super.setRuleEngineCallback(ruleCallback);
      // Register to temp change events on our imaginary external device
      ExternalTemperatureDevice.registerTemperatureChangeListener(this);
   }

   @Override
   public void dispose() { // Do your clean up here
      ExternalTemperatureDevice.unregisterTemperatureChangeListener(this);
   }

   // Event from our imaginary temperature device. Triggers connected rules if temp is
   // over the configured threshold.
   @Override 
   public void tempChangedOnImaginaryDevice(int tempInCelsius) {
      if (
            (tempInCelsius>temperature && onAbove) ||
            (tempInCelsius<temperature && !onAbove)
         ) {
            ((TriggerHandlerCallback) callback).triggered(module, context);
         }
   }
}

Condition Handler

Condition Handler serves to help the Automation Engine to decide if it continues with the execution of the rule or to terminate it.

public class PresenceConditionHandler extends BaseModuleHandler<Condition> implements ConditionHandler {
    final ItemRegistry itemRegistry;
    public PresenceConditionHandler(Condition module, ItemRegistry itemRegistry) {
        super(module);
        this.itemRegistry = itemRegistry;
    }

    @Override
    public boolean isSatisfied(Map<String, Object> context) {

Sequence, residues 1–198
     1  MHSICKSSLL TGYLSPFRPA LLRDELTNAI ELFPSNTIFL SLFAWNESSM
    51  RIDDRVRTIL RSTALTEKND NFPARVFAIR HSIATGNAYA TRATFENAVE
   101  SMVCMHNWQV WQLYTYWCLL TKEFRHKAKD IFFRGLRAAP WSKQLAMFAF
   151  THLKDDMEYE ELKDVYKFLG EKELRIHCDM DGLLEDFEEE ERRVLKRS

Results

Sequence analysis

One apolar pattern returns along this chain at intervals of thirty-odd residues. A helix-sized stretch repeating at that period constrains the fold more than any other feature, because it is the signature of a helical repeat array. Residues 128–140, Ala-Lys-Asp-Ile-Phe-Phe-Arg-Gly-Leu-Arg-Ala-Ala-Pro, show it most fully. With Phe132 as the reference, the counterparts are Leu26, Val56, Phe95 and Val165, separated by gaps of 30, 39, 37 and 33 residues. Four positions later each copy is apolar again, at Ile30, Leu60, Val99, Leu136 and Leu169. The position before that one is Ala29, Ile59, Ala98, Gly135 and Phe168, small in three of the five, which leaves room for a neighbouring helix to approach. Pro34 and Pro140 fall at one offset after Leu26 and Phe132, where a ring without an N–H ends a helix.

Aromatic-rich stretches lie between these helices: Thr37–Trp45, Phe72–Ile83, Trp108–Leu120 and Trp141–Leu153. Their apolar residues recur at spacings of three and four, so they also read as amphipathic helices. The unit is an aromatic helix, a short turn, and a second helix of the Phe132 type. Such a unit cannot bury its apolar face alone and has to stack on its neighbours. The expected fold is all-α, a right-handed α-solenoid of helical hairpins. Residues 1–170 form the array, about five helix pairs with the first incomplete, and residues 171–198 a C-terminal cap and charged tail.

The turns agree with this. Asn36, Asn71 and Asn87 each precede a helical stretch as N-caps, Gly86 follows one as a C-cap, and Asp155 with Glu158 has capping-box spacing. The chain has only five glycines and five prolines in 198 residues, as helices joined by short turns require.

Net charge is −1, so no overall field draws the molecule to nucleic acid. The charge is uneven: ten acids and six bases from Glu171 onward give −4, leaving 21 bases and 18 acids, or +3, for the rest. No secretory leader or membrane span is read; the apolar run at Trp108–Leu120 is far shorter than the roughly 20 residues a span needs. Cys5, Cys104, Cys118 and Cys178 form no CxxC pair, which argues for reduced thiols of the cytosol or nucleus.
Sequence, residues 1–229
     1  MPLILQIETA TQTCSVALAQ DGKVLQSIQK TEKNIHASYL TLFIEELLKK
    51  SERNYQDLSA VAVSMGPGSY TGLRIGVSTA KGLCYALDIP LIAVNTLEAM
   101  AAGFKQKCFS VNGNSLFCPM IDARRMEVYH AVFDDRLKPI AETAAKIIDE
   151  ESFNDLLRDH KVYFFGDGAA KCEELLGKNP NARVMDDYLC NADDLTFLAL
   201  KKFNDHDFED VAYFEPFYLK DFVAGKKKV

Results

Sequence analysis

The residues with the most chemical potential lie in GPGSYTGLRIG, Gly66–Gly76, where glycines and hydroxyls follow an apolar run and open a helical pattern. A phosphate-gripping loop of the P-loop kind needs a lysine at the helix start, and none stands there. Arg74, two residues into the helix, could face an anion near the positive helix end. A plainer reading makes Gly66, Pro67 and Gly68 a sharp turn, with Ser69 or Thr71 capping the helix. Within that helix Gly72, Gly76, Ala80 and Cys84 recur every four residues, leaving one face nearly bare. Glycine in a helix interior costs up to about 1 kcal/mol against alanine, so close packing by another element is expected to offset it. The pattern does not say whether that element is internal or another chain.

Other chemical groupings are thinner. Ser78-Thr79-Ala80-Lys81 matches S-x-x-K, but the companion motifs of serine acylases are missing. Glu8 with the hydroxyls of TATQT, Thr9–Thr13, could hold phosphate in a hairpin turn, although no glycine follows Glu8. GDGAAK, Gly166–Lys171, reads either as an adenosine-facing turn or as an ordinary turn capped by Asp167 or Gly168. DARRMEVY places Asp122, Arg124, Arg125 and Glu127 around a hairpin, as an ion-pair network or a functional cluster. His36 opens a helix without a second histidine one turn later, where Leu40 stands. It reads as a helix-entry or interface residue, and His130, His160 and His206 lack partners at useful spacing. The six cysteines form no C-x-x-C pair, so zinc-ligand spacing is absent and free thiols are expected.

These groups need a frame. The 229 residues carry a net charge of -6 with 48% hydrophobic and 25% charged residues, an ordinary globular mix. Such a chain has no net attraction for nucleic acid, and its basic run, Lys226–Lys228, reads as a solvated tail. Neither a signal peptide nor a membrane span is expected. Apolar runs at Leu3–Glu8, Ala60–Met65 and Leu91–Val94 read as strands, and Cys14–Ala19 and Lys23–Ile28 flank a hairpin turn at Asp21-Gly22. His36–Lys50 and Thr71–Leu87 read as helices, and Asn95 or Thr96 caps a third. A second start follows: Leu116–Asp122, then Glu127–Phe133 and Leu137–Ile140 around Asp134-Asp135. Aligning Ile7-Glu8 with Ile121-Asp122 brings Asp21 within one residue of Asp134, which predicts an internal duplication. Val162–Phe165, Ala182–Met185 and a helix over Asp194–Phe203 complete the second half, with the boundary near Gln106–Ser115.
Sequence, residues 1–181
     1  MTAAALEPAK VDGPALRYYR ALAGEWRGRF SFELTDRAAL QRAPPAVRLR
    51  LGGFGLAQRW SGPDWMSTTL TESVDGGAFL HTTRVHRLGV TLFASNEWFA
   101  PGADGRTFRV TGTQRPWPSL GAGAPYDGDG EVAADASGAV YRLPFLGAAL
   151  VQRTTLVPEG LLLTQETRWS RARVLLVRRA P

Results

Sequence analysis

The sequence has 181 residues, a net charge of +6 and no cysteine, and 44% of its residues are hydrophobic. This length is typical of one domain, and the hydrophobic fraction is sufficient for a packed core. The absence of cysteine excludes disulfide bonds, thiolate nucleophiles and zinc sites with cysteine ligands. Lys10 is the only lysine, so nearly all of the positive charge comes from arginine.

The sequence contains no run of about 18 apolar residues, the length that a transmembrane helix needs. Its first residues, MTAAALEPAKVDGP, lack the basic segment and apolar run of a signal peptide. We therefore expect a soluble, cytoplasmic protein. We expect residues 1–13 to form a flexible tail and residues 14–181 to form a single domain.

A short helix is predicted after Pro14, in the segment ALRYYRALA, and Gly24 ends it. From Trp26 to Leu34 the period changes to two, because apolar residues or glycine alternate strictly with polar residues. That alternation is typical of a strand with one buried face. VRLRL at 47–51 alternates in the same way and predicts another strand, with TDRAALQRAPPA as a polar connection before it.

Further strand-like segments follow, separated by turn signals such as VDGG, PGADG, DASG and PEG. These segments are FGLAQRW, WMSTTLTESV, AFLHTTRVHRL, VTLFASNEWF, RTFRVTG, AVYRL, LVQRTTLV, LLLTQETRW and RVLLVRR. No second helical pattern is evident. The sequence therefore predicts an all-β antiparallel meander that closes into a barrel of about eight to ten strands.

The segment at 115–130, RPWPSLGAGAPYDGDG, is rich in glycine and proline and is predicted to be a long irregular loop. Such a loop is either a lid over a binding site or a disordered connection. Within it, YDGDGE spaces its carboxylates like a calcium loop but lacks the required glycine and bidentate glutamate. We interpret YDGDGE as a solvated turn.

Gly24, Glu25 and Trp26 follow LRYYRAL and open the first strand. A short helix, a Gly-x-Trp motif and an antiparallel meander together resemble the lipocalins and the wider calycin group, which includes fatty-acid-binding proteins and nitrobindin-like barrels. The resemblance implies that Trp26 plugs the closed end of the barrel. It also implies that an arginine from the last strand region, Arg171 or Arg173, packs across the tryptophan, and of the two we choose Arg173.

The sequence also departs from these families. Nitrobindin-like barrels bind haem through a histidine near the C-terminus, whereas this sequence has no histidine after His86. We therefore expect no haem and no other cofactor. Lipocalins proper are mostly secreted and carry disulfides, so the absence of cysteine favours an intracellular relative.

Number left = (Number) context.get(TemperatureConditionType.INPUT_CURRENT_TEMPERATURE);
        Number right = (Number) module.getConfiguration().get(TemperatureConditionType.CONFIG_TEMPERATURE);
        String operator = (String) module.getConfiguration().get(TemperatureConditionType.CONFIG_OPERATOR);
        if (TemperatureConditionType.OPERATOR_HEATING.equals(operator)) {
            if (left != null && right != null && left.intValue() < right.intValue()) {
                return true;
            }
        } else if (TemperatureConditionType.OPERATOR_COOLING.equals(operator)) {
            if (left != null && right != null && left.intValue() > right.intValue()) {
                return true;
            }
        }
        return false;
    }

}

Action Handler

Action Handler is used to help the Automation Engine to execute the specific Actions. A simple implementation of it can be seen into WelcomeHomeActionHandler class.

Tie everything together: Define rules

Until now we have taught the automation engine a way to trigger on specific temperatures, to tell us if someone is at home, and to switch on an air conditioner at different levels.

We now need to write an actual rule to use our custom modules.

Via json files

The automation engine reads rule json files from the {openhab-dir}/automation/*.json directory.

The rule that implements our application is declaratively described in the json format like this:

[  
   {  
      "uid":"JsonDemoRule",
      "name":"DemoRule",
      "triggers":[